Embodied Futures and the Ecology of Care at BioBAT Art Space

A room with a large wall with a painting on it

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Installation view of Katie Hubbell’s, Slow Down Soft Body, Stay with Me, and, Subsuming Solids, photo courtesy of Flaneurshan Studio

In the heart of Sunset Park, within the historic Brooklyn Army Terminal, BioBAT Art Space stands as a pioneering gallery that blurs the lines between art and science. The current exhibition, Embodied Futures & the Ecology of Care, Curated by Elena Soterakis & Eve Barro, showcases eleven artists whose work merges research methods and materials from scientific practices such as genetics, mycology, microscopy, and bacterial cultivation with artistic creation. By using living yeast as their palette and mushrooms as their sculpting medium, these artists challenge conventional artistic norms.

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Sharon Madanes in Domestic Brutes at Pelham Art Center

In Dialogue with Sharon Madanes

Selfie in studio

Sharon Madanes grew up in Chicago in a family of physicians and was exposed to both art and medicine from a young age – her first job was helping to package sterilized surgical equipment. She also spent weekends at the Art Institute of Chicago taking art classes and wandering through the collection. She has always found the strange forms and aesthetics of medical settings fascinating: “as a painter and physician, I’m currently making work about this very juxtaposition, exploring different elements of hospital and medical culture through paint,” she says. Sharon Madanes is participating in Domestic Brutes at Pelham Art Center.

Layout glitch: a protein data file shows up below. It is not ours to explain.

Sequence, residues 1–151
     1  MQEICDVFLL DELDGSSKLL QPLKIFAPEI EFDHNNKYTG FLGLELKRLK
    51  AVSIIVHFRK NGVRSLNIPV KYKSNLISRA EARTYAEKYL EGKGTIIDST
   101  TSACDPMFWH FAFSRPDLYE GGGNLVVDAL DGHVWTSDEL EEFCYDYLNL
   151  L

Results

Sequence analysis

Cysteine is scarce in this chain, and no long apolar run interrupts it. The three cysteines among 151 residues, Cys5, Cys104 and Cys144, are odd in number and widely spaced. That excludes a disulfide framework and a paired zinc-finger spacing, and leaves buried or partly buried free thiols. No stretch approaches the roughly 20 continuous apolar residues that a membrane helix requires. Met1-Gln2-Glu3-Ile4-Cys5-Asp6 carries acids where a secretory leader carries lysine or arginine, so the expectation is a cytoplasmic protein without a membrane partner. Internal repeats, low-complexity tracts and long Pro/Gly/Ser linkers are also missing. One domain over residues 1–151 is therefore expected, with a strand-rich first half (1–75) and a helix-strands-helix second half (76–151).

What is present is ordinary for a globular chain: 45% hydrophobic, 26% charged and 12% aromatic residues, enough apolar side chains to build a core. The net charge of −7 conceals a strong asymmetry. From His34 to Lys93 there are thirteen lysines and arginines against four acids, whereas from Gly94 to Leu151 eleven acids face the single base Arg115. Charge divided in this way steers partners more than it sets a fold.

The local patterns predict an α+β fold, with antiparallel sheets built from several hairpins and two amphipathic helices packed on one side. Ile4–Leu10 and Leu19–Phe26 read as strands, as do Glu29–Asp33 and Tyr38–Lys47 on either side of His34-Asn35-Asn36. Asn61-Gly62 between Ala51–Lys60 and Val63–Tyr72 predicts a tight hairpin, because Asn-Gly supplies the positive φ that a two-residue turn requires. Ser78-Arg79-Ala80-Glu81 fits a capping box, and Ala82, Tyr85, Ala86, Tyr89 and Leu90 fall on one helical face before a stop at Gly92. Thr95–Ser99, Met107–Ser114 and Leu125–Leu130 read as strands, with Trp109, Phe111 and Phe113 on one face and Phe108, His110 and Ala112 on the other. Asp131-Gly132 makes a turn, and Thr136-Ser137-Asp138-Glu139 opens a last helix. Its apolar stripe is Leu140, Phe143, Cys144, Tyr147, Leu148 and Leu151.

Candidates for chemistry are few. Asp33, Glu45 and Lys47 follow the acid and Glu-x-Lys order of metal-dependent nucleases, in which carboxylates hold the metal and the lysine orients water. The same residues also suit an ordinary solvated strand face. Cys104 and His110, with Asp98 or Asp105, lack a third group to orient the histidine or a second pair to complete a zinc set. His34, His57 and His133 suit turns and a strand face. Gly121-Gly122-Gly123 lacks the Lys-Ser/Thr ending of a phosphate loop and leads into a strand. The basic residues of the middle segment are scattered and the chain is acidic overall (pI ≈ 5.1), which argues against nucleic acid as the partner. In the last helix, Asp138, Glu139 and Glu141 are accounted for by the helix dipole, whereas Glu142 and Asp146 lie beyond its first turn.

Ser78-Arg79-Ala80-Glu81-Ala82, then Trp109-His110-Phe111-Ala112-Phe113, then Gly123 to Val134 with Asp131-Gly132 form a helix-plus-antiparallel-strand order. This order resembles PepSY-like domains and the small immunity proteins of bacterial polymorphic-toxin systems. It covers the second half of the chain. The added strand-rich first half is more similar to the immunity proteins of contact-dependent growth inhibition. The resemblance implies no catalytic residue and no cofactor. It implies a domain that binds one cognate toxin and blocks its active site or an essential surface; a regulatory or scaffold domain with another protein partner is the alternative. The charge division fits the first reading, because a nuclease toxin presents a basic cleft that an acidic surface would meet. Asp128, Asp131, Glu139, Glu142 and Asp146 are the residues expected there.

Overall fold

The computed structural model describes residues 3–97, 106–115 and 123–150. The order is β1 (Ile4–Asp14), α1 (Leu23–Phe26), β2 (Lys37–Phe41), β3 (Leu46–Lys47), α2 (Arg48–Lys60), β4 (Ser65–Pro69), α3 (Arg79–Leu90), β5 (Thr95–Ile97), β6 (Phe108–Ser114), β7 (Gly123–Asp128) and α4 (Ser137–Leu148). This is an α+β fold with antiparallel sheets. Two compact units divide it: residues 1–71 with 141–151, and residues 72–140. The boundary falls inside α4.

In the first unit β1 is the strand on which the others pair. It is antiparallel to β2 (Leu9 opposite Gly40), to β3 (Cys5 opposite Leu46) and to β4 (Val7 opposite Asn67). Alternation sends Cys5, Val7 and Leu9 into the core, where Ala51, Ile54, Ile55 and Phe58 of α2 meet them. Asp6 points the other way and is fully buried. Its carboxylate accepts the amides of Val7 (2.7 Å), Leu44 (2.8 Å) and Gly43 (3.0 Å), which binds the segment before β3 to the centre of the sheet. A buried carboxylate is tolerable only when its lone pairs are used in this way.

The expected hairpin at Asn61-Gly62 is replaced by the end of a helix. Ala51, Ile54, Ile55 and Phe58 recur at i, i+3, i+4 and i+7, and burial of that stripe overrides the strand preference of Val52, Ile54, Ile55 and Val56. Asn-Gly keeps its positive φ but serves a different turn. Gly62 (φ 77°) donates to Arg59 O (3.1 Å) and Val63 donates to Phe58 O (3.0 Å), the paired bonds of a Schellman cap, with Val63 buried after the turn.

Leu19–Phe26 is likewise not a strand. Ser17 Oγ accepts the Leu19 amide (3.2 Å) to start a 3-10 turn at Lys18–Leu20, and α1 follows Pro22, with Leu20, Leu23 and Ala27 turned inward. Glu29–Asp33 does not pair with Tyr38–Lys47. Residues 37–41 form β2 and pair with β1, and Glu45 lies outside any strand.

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Gal Nissim – Sci-Art Encounters

Gal Nissim & Leslie Ruckman, SurveillAnts at Science Gallery Detroit, 2018, live ants, acrylic, sand, wood, electronics. 41.5 X 29 X 29 Inch. Image courtesy of the artist. Photo by Mark Sullivan.

Gal Nissim creates collaborative experiential multi media installations which stimulate the visitor to track and decode the behaviors of animals through audio-visual patterns, ranging from a colony of living ants in a gallery space to wild life in Central Park. Nissim shares with Art Spiel her fascination with the link between science and art, some insight into her elaborate collaborative process, and on her projects. Our interview process had been taking place before the pandemic and the artist was given an opportunity to bring her responses fairly up to date.

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